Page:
This style of skating was too technical for me. I couldn’t do most of the tricks and I thought they looked bad so I didn’t put any real effort in to trying to learn them. I picked “style” over “tricks”. It was not the kind of skateboarding that I wanted to do. In the tribal manner of high school, I identified as a skater but I was so immersed in the skateboarding sub-culture that that alone was not enough. It was important to me to further distinguish myself, as to what ”kind” of skater I was. It was clear that I was not a technical street skater. Though I largely skated mini ramps what I had always wanted to be was a concrete transition skater. I felt more comfortable on concrete walls and it just seemed to me to be somehow cooler. I had grown up with the magazines full of images of the old California parks, pools and bowls. We didn’t have anything like that in suburban Maryland. We didn’t have Del Mar. What we did have was Lansdowne.


Lansdowne was infamous for a number of reasons. It was in a poor, rough area. It seems almost trite to say that at this point, but that was one of its defining characteristics. Its other major feature was that the park itself was complete anarchy. There were no rules and no supervision. As I learned when I interviewed Denny, built at the end of the ‘70s, Lansdowne never even properly opened. “The concrete bowl was supposed to be part of a larger park to be built in 1980, but an arson fire stopped construction, and the county abandoned the project. This left the park in the hands of the skaters, who picked up the trash [and] swept up the stones[.]” The skate park wasn’t filled in or torn down, it was just left unattended, unsupervised and uncared for in a field for the next twenty five years.


Lansdowne was on the south west side of Baltimore, in a small field wedged in a corner between two highways and an apartment and townhouse complex. I credit Young with first telling us about it. He had lived nearby and skated it before moving to Cockeysville. To get there we would drive west on the Beltway, around the city, and get off at the exit after the Colt 45 brewery. We would park in one of the many nearly identical parking lots of the housing complex. Drab plain brown brick and relatively nondescript, these homes didn’t look all that different from similar developments in my wealthier section of Baltimore County. To get to the skate park you would walk a dirt path back between two of these apartment buildings. This is when then the poverty and neglect became more obvious. The chain link fenced backyards bordering the park were not manicured lawns. Instead, they were filled with trash and standing water.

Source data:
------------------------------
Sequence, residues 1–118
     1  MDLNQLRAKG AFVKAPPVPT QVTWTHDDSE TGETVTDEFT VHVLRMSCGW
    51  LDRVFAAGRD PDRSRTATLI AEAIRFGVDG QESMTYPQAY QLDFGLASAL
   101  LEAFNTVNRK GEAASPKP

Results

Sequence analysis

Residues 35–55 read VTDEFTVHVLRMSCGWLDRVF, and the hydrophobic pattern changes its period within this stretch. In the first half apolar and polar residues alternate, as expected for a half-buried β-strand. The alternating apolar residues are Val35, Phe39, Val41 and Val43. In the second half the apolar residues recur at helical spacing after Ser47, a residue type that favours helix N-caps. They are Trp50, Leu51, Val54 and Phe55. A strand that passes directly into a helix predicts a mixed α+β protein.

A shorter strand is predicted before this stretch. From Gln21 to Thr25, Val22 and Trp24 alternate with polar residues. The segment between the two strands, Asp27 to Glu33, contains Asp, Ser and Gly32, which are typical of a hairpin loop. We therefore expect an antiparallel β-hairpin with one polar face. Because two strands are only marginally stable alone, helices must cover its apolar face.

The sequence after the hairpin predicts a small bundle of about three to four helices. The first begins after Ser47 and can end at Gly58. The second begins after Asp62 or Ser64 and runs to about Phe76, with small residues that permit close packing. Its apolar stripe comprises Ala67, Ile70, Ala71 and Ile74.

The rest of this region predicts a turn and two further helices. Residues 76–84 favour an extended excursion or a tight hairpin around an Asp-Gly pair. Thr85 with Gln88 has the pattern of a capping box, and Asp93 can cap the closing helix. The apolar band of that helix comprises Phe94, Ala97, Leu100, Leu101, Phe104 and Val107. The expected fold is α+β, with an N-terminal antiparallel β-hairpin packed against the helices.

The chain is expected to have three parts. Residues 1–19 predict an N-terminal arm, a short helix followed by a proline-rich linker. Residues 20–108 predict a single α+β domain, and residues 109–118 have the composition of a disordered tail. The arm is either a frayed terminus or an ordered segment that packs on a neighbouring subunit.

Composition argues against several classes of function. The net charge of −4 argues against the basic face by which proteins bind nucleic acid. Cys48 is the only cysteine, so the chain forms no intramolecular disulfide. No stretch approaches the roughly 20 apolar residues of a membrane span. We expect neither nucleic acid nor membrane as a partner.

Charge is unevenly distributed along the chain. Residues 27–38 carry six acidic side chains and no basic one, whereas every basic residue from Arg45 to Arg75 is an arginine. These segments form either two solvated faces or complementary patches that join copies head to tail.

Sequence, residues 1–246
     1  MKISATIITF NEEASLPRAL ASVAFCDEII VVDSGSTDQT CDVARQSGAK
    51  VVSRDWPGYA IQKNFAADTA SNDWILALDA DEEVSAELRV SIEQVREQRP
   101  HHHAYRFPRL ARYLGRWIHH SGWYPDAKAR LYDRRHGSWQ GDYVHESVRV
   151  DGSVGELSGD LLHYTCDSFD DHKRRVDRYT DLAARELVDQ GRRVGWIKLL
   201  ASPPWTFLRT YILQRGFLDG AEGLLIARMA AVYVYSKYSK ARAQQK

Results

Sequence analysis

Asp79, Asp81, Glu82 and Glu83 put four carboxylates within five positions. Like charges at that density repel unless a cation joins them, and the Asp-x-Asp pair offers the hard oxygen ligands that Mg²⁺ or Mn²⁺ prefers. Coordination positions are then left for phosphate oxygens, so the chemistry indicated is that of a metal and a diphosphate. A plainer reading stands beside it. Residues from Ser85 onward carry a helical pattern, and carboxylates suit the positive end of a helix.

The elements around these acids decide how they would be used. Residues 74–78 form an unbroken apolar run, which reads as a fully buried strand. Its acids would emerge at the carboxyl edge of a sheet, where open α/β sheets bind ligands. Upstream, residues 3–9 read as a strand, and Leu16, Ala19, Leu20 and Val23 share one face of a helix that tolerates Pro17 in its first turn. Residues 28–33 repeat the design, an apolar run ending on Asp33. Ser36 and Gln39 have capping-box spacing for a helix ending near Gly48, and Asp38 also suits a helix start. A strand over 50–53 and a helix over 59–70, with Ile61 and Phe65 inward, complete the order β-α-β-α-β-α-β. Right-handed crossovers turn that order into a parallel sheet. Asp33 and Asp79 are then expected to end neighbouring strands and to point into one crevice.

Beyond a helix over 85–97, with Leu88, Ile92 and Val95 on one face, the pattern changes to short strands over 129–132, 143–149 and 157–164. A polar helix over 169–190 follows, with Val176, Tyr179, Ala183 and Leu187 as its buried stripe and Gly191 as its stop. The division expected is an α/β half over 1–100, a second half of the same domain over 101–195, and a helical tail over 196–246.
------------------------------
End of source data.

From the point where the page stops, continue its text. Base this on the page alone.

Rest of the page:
Lansdowne 1990-ish. That's me seated in the front. Marc is in the background, behind the kid on the BMX.

Lansdowne 1990-ish. That’s me seated in the front. Marc is in the background, behind the kid on the BMX.

Cousin to other similar parks like the Dish, the Bro Bowl and the original Ocean Bowl, Lansdowne was one of the few ’70s parks left in the country. It worked like this, at the top of the hill, by the entrance path, there was a flat circular starting area. From there two snake runs branched out. They both started as small tight drainage ditches. The outer one looped out around the end of the park, widening as it turned. The interior one dropped more quickly and widened as well where it made the sharp turn around the hip. Both snake runs emptied into a large, flat rectangular section with banked walls. This area had a few random humps and bumps spread around the flat. An extremely mellow saucer of a bowl was attached to the outside of the longer snake run, right before it met the flat area. Large areas of “deck” along the top were also paved, but poorly. Up there it was cracked, rocky, bumpy blacktop, almost like gravel. A typical run at Lansdowne would normally go like this, you would carve down the outside snake run, swing high up on the wall around the turn, try to hit the wall opposite the bowl as high as you could, come back down into the snake run and bounce over the other side into the bowl. A long frontside or backside carve around the bowl would leave you with barely enough speed to make it back up over the hump again and into the flat rectangular section.


Nothing had a lip. Everything was rounded in that ‘70s style, so unless there was a parking block set up somewhere, lip tricks were out of the question. The two best places to skate were the hip and a small oval bump in the flat section. This bump was named the Smurf because it was painted blue. We would push across the rough gravelly flat at the top and ollie the hip or air out of it. We did similar tricks, on a smaller scale, on the Smurf. That was it besides skating the flat section like a ditch. If you were “good” at Lansdowne, it wasn’t because you were doing many tricks because there were very few places to actually do those tricks. The terrain had an equalizing effect. Being good at Lansdowne just meant that you knew how to skate. It was my style of skating, just carving walls and doing ollies. I enjoyed that much more than the boredom and frustration of trying flip tricks in a parking lot. While I appreciate the discipline it took for kids to work endlessly on those tricks that wasn’t my way of learning. I just wanted to have fun and let any new things I learned develop much more organically. Now that everyone is so good, I’m sure kids can bust some amazing tricks over that hip. Back in 1990, everyone was still struggling to do those tricks on flatground, so the best skaters at Lansdowne then were the ones who could skate the fastest and ollie the highest. Even Natas, one of the best street skaters in the world at the time, only got an ollie or two here in his part from Speed Freaks in 1989. There was always a legend that someone ollied out of the small snake run by the hip, over the wide channel of the outside one and in to the bowl. I’ve found video of a guy, Matt Dove, attempting it and breaking his leg. He wasn’t even close. It’s a huge gap even by today’s standards. I wonder if it anyone ever made it or if that was all just childhood stories.